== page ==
What you suggest is what John Walton called “inverted withdrawals” in a series of articles in 2016 in Advisor Perspectives; though he doesn’t use CAPE or valuations, he takes a different approach. My general feeling is that it isn’t really necessary and comes at a pretty high cost.

In practice it would generate huge swings in income. CAPE will be high when the market is doing well, so you’re already withdrawing a lot. Then you’re tilting up and pulling even more. And CAPE will be low when markets are not doing well, so you’re already withdrawing very little. Then you withdraw even less.

See how in a 1969 scenario “inverted withdrawals” (using Walton’s version, not yours, since I already had his coded up) have you withdrawing as little as $16,000.

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I think most people aren’t going to have that much flexibility in their spending…cutting over 60%. And I’m not sure the attempt at yet another lever for margin of safety is needed.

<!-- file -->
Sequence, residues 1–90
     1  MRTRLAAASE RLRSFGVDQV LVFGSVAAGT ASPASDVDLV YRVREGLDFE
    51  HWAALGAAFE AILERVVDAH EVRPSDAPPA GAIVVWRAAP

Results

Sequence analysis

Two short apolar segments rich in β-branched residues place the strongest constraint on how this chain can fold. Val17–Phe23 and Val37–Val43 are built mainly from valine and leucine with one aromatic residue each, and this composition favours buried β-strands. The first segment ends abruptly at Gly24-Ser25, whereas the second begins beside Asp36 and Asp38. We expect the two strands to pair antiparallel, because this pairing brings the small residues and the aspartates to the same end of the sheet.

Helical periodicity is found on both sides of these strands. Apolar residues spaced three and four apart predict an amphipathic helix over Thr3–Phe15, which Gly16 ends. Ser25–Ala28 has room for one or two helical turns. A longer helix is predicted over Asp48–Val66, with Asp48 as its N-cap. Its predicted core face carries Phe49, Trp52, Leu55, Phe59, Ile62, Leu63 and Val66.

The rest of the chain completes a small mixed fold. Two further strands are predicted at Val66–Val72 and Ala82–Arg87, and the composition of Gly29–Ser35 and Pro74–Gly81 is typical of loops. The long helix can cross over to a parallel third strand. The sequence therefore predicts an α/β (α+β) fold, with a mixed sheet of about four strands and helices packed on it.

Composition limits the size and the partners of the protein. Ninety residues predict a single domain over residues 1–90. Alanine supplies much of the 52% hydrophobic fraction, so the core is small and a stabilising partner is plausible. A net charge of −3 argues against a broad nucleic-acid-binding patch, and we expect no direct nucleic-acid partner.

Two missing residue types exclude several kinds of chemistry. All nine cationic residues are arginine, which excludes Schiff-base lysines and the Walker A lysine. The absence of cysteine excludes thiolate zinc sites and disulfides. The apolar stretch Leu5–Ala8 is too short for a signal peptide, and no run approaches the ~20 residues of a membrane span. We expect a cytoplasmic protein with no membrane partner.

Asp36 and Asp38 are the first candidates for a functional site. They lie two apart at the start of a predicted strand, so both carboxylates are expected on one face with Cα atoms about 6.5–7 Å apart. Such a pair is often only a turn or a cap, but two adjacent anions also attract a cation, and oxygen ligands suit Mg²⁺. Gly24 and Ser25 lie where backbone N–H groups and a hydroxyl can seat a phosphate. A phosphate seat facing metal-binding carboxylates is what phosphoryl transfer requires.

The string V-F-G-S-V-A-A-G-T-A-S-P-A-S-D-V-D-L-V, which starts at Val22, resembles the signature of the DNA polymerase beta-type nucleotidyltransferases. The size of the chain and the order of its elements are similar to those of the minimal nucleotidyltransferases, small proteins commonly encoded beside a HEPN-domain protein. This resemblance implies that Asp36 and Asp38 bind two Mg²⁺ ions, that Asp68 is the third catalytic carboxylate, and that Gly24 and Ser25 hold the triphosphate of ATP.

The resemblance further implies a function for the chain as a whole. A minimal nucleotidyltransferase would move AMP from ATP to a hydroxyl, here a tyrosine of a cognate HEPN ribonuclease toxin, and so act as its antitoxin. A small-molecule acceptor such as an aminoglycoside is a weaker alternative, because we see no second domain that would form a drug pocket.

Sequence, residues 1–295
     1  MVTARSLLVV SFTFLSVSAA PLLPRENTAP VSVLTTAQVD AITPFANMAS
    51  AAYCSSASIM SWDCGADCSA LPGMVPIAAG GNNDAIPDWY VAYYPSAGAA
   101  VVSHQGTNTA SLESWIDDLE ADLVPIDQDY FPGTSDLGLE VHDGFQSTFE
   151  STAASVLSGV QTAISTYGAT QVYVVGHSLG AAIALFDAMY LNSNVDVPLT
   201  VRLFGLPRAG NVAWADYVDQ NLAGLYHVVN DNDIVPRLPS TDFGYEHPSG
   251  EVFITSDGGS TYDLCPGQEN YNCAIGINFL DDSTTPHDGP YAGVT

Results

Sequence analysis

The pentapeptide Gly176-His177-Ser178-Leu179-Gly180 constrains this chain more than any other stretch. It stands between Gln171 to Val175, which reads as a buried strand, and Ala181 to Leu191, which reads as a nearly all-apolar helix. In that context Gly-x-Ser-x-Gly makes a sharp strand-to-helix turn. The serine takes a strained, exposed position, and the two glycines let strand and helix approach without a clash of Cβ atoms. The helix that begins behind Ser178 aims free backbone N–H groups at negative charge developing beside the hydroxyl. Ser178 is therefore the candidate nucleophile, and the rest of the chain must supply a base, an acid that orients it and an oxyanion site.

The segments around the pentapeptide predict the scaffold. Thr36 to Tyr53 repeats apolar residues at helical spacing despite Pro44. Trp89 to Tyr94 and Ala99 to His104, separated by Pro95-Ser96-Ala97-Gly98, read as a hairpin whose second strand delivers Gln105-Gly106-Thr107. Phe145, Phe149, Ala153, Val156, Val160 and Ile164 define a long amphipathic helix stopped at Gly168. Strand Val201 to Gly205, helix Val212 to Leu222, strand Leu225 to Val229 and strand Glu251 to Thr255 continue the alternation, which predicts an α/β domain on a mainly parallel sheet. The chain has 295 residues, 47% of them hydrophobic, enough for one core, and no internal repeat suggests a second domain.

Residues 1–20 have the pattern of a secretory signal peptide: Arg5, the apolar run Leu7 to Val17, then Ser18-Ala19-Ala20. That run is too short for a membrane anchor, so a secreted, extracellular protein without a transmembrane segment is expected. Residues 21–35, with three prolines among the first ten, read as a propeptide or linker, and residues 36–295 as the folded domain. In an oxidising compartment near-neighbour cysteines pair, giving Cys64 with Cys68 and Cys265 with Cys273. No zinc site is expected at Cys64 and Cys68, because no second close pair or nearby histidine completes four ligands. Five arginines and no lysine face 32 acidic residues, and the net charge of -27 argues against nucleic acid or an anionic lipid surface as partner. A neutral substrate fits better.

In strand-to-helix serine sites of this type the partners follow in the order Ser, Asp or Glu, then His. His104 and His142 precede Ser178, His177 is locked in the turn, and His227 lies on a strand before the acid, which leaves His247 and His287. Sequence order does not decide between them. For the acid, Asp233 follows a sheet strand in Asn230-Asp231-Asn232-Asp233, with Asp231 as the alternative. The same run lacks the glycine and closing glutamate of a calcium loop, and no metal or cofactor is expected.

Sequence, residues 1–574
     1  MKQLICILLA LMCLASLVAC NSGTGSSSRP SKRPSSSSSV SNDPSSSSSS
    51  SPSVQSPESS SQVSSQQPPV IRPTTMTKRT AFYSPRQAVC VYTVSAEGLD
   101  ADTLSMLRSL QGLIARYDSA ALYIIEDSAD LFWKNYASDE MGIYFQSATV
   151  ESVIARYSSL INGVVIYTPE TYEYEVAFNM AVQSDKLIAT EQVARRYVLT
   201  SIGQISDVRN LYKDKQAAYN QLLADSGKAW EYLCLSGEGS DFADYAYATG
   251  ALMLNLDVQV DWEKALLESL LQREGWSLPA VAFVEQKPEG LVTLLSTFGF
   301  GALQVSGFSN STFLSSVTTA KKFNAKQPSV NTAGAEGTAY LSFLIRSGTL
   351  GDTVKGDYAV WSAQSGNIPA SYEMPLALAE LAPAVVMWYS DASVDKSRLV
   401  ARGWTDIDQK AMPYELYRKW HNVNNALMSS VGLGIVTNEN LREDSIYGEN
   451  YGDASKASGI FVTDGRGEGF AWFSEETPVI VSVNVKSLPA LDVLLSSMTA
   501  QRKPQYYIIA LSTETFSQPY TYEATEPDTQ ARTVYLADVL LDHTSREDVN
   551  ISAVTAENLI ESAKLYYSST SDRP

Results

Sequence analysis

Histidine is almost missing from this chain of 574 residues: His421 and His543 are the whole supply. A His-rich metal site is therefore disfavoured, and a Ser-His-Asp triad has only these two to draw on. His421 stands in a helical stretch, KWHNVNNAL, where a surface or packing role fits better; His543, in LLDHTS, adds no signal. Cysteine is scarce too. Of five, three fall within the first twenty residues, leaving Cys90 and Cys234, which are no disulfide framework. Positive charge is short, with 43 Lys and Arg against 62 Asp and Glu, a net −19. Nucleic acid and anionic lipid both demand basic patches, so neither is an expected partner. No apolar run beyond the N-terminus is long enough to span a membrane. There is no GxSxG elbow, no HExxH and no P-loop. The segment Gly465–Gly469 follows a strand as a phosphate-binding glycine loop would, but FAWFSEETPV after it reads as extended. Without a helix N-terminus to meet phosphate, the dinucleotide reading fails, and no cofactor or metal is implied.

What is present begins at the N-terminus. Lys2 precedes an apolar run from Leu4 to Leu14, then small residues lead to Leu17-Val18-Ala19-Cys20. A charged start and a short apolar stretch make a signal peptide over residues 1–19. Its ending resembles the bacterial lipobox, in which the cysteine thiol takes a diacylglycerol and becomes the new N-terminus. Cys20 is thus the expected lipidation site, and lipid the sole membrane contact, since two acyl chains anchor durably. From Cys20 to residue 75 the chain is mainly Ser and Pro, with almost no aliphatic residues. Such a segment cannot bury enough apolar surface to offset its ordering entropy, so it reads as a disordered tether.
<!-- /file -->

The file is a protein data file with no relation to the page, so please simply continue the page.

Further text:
Plus, I kinda doubt any of us are going to see “low CAPE” in our lifetimes :) . It is starting to more and more likely that there was some kind of structural break with CAPE in the 1990s. Even in the depths of the 2008 crash we barely, briefly touched “normal”.

So on the downside, I’m dubious. On the upside (“spend more when times are good”) I think there’s a bit more opportunity. But I also think that, realistically, most people are already going to have a hard enough time loosening the purse strings in retirement just by following plain PMT. Tilting upward even more is likely going to be an even harder sell.

I’m retired and I don’t spend anywhere close to what PMT says I can. You should hear my laundry list of excuses :)

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Learn how to enjoy early retirement in Vietnam. With charts and graphs.

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